Thursday, March 5, 2015

Happy Purim!

Ben dressed as a Blue Monster celebrating Purim with his classmates.
As I've written about before, I love holidays - I love celebrating them and I love learning about new holidays from different countries, cultures, and religions.  This week, my son  has been introducing us to a new (for our family) holiday:  Purim.

For those who don't know,the story of Purim appears in the Book of Esther.  The evil Haman plotted to destroy the Jewish people.  The King, who was unknowingly married to a Jew (Esther), placed the fate of the Jewish people in Haman's hands.  Mordecai, Esther's cousin, discovered the plot, and persuaded Esther to speak to the King on behalf of the Jewish people. Esther revealed the plot to the King, and Haman and his followers were murdered in place of Mordecai and the Jews.  Purim celebrates the deliverance from massacre.  The celebration consists of eating, drinking, and being merry.  I have heard it described by some as the "Jewish Mardi Gras."

While my family is not Jewish, I can get behind any holiday that celebrates a woman speaking truth to power, and certainly one that advocates eating, drinking, and being merry.  As a long-time fan of hamentaschen, it's good for me to finally know what these little triangles I love to devour actually represent (Haman's three-cornered hat).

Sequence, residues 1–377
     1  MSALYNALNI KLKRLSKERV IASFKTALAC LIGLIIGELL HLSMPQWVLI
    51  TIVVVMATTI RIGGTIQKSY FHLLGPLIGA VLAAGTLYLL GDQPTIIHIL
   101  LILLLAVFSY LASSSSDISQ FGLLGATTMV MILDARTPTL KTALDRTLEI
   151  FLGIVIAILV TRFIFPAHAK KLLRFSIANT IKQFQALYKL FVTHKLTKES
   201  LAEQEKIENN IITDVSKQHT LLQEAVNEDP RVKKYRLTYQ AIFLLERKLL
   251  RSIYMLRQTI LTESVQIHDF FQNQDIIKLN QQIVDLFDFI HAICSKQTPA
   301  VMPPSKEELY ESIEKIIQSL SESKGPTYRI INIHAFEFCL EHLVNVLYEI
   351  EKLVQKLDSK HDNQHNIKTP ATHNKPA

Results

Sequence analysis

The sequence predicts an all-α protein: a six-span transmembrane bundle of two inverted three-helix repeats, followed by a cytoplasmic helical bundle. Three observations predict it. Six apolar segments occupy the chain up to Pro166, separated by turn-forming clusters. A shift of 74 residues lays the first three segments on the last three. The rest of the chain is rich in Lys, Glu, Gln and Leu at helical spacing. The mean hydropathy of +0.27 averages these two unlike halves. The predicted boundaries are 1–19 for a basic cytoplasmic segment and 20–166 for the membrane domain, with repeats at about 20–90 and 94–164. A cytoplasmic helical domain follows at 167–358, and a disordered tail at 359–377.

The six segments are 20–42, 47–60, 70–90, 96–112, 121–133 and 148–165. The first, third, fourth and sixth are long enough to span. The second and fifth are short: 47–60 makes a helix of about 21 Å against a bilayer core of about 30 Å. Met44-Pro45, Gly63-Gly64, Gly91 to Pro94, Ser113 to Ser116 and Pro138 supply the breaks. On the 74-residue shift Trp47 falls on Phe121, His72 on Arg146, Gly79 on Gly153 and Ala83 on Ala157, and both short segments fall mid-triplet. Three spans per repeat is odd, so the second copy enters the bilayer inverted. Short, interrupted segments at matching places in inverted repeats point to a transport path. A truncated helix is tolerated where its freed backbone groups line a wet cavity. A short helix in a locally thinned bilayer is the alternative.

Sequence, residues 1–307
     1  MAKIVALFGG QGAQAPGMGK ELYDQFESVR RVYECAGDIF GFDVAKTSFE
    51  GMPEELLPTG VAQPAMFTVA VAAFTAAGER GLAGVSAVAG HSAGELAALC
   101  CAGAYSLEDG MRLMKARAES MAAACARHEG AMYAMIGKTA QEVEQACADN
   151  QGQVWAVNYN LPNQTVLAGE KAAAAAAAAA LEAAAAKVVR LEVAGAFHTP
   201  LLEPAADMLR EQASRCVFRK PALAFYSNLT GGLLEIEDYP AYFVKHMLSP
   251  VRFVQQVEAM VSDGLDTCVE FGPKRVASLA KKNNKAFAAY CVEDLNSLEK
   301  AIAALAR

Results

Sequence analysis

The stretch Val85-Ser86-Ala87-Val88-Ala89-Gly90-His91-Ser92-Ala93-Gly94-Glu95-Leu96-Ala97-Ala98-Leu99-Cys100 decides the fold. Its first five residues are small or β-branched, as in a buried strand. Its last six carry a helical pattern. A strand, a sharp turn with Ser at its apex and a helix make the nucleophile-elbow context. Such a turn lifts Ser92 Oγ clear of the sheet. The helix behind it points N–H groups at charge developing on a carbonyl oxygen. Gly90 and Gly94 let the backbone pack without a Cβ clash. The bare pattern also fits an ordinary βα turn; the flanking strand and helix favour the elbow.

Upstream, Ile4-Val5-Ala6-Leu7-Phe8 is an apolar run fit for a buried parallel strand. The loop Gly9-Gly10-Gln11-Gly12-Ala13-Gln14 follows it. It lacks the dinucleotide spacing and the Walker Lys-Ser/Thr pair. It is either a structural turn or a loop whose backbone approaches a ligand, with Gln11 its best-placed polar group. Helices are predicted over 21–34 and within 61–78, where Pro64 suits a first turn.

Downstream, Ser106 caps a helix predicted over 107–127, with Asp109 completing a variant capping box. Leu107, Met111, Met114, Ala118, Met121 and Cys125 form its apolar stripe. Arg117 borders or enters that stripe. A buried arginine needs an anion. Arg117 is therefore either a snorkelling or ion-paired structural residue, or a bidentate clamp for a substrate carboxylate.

Delicious plate of Hamentaschen
Because my son has never celebrated Purim before, this whole week at his school has been an exciting adventure.  He and his classmates made noise-makers, put on a puppet show telling the story of Purim, designed masks, dressed up in costumes for a parade, and baked hamentaschen for themselves.  And because not everyone in his class comes to school every day of the week - they are actually celebrating on two days, just to be sure everyone has a chance to participate.  To prepare my son, and to educate our whole family about the holiday, I (of course) sought out a few books from the library.  Here are a couple that we read:

Purim by Miriam Nerlove - This book tells the straight-forward Purim story as heard by a little boy from his Rabbi.  For someone with  no background in the holiday, this was a good easy primer - the language was a bit jarring at times - and I had to modify it a bit for my two-year-olds.  But, given that the story itself is about killing and massacre, and the whole point is deliverance from this brutal truth, others may think that censoring the language detracts from part of the point.

It's Party Time! A Purim Story by Jonny Zucker - I love the colorful illustrations in this book which focuses more on how Purim is celebrated - with costumes, noise makers, and presents -  rather than the historical significance of the holiday.

When It's Purim by Edie Stoltz Zolkower - this cute little board book tells the rhyming story of animals baking hamentaschen to give as gifts.


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